For example, our Inner Critic might be telling us that we are too fat and that we should go on a diet, join a gym and lose weight. In this case it is attempting to enforce the rules of the part of us that thinks we should always look slim and fit - the Physical Perfectionist. The anxiety behind this is that if we get too fat, people won't like us and might even ignore or ridicule us. This would touch those parts of us that feel inadequate and insecure - something our Inner Critic wants to avoid at all costs!

Loving ourselves

It is impossible to love ourselves until we can unhook from our Inner Critic. Separating from our Inner Critic enables us to listen to it objectively, understand its concerns and choose whether or not to act on its imperatives. The more we can embrace and care for the vulnerable parts of our personality that our Inner Critic is trying its best to help protect, the less it will be driven to do this for us.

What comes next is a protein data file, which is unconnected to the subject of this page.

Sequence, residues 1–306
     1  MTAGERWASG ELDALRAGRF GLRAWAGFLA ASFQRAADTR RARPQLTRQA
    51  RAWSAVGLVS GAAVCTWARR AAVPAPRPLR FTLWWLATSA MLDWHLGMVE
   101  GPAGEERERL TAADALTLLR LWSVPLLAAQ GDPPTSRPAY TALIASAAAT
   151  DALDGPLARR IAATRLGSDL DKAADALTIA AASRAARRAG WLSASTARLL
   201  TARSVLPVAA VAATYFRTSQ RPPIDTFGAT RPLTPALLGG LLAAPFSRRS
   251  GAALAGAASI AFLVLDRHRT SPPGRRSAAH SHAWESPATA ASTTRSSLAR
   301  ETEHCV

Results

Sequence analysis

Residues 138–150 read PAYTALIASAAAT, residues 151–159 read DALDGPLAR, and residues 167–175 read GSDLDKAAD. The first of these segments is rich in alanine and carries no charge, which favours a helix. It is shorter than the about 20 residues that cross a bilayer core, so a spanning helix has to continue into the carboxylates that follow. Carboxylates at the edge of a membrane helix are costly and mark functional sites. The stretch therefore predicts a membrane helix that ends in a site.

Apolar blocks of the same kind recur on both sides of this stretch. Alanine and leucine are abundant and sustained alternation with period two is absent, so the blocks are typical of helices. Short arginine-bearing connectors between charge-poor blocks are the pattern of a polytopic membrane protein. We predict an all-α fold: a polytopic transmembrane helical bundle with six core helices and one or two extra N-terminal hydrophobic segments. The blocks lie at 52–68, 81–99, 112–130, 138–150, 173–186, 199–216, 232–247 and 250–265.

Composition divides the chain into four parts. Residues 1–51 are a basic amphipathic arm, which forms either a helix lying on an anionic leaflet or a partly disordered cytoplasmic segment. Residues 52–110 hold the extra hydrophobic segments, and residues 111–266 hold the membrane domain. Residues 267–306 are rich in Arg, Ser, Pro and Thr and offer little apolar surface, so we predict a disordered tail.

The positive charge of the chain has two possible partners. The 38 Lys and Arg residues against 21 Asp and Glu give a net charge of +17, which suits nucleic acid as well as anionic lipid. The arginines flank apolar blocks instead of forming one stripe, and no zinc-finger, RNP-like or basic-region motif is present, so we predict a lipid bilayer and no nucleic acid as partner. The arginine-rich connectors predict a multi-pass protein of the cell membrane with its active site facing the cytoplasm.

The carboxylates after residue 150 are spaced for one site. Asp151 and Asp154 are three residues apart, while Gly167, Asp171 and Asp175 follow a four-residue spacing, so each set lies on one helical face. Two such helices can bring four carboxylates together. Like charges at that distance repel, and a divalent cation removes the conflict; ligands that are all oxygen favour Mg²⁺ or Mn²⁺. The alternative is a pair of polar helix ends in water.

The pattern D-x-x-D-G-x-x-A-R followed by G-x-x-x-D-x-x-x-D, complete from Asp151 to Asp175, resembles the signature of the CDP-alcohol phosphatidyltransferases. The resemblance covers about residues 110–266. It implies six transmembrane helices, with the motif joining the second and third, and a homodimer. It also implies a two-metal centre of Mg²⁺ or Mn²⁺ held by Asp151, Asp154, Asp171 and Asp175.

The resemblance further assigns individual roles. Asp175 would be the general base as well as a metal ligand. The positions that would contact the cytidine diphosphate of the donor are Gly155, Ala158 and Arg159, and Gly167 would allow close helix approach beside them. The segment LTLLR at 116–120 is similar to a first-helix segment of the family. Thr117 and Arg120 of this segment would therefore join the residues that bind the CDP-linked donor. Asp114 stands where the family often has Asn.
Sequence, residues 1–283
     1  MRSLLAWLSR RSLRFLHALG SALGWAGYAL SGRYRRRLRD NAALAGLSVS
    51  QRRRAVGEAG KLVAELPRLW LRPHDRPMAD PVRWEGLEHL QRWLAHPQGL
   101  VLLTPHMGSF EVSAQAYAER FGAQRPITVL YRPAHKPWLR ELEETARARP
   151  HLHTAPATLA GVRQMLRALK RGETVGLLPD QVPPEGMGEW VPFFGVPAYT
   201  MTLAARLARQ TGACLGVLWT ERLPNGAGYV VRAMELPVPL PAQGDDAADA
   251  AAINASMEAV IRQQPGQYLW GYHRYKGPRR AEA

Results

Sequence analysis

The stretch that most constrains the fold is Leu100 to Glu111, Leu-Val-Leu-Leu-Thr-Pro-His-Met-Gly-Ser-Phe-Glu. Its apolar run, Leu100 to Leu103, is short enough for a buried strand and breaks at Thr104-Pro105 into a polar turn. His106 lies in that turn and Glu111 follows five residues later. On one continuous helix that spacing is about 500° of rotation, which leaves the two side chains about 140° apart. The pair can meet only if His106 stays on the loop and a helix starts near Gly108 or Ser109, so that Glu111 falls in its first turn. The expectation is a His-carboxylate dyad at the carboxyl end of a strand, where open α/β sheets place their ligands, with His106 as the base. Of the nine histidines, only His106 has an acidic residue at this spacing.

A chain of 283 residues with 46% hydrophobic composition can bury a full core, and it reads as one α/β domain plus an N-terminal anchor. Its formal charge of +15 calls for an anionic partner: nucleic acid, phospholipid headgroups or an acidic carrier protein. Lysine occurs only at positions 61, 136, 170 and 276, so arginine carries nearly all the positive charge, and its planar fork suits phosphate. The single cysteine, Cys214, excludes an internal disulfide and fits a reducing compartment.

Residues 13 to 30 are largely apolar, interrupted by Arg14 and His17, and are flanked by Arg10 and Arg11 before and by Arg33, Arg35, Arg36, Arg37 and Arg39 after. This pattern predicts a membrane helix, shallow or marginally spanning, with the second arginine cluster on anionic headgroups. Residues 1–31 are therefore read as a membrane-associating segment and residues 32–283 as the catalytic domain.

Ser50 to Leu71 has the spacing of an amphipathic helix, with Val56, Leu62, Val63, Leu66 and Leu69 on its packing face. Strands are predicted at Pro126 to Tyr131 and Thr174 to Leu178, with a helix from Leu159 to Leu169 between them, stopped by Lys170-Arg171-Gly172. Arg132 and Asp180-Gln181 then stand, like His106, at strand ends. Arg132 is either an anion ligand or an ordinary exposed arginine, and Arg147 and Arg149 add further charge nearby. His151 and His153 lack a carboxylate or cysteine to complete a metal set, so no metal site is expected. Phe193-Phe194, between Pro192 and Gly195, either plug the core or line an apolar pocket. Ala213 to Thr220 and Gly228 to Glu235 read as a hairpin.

As we take more conscious charge of our vulnerability we can begin to view our Inner Critic with compassion, respect the job it has been trying to do, and even be thankful for the light it has shone on aspects of our personalities that hitherto we might have been unaware of.

As this happens, its voice becomes less strident and absolute. Instead of our foe, our Inner Critic can transform into a trusted adviser and friend

- an intelligent, perceptive and supportive partner in our lives.

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Contacts

Laura Tonello
348 9212552
latonello@gmail.com